By Kara Lindstrom
Three women, their lives split between New York and L.A., are ascending from pampered hipness to true adulthood—which here means the dubious rewards of Hollywood as well as that storied quest for the ideal husband. It’s high-IQ chick lit.
Anybody Out There?
By Marian Keyes
Keyes also breathes new life into chick lit—no small feat considering that this is her eighth in the pastel-colored genre. In the story of Anna Walsh, a New York PR princess whose breezy life is derailed by a gruesome accident, Keyes cuts down on the froth but leaves the fun and romance intact.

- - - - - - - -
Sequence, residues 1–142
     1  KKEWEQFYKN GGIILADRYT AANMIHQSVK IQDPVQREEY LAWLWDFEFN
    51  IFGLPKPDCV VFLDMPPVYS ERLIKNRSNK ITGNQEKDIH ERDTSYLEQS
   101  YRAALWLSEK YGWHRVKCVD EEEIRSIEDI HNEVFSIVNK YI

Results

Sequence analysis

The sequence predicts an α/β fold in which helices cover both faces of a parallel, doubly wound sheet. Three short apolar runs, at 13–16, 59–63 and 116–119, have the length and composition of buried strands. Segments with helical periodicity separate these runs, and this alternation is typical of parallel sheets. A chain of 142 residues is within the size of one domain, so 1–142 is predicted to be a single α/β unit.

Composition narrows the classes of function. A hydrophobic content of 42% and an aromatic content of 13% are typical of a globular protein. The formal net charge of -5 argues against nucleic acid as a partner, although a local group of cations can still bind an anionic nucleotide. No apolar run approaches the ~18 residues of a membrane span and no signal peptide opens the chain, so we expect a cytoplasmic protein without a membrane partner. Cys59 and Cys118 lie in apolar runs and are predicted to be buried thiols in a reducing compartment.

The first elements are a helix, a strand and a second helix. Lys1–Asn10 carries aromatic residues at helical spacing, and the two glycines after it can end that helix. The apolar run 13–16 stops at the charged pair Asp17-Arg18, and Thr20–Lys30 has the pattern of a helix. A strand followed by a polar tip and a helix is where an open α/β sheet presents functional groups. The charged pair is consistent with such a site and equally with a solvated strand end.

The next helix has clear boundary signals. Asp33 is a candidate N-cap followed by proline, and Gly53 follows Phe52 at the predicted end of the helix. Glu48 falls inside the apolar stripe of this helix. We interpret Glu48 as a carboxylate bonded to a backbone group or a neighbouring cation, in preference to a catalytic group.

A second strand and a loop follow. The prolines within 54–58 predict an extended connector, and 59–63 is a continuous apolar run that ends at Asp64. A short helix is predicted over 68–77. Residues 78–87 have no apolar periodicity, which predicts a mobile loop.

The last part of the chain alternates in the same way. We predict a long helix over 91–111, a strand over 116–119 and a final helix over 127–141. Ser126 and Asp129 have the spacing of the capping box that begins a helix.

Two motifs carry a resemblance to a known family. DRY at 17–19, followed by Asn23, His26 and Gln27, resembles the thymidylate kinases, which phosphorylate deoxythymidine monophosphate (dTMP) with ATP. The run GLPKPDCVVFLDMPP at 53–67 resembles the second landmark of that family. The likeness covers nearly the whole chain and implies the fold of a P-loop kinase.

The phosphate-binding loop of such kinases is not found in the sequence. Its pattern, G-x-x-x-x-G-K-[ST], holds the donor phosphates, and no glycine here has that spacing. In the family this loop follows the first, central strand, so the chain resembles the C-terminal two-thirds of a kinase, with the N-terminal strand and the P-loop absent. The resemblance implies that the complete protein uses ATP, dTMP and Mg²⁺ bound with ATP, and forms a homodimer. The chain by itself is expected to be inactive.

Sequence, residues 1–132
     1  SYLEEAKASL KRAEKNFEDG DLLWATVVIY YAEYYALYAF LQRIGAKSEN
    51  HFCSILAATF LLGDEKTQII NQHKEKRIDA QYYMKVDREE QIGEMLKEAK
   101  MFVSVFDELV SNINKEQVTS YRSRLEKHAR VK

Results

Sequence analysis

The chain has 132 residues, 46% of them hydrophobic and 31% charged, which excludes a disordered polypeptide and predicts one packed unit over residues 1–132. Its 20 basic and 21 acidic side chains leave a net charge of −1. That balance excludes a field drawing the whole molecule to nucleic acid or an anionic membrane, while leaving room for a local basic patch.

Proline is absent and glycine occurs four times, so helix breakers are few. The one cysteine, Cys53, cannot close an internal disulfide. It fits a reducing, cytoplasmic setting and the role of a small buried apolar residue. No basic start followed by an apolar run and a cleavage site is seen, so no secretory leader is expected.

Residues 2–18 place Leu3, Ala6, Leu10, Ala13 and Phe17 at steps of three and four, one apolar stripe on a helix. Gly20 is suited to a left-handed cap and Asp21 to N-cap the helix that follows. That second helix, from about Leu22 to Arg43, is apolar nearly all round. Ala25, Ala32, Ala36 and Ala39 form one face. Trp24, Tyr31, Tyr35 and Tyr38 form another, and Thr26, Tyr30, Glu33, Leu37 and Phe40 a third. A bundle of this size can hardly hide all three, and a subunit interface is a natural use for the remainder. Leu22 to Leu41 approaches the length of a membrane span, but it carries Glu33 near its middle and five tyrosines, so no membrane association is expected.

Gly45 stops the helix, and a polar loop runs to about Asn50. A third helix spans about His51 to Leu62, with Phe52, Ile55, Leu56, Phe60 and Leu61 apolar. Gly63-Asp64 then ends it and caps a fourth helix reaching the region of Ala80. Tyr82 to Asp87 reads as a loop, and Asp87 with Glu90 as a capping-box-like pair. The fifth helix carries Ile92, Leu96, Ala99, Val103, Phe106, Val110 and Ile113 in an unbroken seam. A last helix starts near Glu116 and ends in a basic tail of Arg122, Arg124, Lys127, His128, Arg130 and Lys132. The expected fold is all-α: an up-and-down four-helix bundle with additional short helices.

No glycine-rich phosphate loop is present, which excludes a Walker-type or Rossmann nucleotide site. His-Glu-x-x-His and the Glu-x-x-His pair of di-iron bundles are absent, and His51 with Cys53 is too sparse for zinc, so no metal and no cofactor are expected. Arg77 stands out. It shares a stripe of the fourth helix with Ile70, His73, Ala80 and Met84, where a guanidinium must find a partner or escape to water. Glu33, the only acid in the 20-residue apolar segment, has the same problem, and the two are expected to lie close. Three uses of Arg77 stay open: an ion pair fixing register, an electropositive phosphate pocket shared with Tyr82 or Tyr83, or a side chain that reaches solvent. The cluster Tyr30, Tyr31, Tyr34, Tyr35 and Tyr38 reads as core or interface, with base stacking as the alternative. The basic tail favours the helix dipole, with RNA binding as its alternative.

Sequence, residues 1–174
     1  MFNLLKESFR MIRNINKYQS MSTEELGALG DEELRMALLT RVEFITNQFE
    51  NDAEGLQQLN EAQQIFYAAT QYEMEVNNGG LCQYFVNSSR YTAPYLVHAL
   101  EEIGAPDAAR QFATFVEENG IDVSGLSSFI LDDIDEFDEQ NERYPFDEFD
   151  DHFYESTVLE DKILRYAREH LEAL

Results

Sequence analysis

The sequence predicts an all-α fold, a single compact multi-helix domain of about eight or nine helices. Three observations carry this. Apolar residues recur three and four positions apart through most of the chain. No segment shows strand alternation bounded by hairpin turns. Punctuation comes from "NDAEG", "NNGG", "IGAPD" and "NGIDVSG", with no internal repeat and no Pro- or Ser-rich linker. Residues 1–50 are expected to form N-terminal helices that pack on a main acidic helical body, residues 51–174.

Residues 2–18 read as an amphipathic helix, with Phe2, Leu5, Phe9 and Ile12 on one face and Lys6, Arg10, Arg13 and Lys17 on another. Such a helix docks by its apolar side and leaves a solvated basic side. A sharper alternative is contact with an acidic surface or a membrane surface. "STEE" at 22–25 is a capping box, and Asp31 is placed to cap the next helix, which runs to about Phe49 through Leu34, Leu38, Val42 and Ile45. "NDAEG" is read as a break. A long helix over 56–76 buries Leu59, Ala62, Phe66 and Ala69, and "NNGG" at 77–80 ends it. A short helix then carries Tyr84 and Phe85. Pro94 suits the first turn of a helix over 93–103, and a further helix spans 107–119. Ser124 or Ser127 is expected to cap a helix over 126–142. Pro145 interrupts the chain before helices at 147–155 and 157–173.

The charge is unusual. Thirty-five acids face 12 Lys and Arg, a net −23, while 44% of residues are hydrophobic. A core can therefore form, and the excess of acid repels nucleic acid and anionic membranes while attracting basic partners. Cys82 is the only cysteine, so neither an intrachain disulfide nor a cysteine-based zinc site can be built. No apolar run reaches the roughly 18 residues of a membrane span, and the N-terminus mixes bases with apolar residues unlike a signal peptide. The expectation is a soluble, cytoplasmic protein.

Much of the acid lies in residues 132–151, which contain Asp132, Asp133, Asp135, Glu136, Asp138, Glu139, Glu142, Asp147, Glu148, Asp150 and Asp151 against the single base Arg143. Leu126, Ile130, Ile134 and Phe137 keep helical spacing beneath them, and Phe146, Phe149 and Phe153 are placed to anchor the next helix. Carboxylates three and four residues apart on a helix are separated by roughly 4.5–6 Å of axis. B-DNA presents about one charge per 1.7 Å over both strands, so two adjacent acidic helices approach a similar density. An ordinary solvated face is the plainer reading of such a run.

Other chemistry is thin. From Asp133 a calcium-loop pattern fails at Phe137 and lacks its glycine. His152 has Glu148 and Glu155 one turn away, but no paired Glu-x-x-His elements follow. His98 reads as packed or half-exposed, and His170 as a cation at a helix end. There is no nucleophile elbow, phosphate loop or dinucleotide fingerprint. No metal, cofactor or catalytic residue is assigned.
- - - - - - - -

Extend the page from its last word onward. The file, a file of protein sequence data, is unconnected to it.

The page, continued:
Learning to Kill
By Ed McBain
The 25 lightning-paced stories collected here cover the apprenticeship of the late, great crime writer. Written before 1957, each tale anticipates McBain’s wildly successful “87th Precinct” novels in a different way.
The Foreign Correspondent
By Alan Furst
Summer’s best spy novel follows an unusual double agent: a journalist. In 1938, Reuters stringer Carlo Weisz comes to Paris to replace the murdered editor of an Italian resistance paper. An exhilarating read.
Mockingbird: A Portrait of Harper Lee
By Charles J. Shields
An impressively unauthorized biography of the famously reclusive author: Ever wonder how much she helped on Truman Capote’s In Cold Blood? (A whole lot.) Or why she never wrote another book? (Fame doesn’t become her.)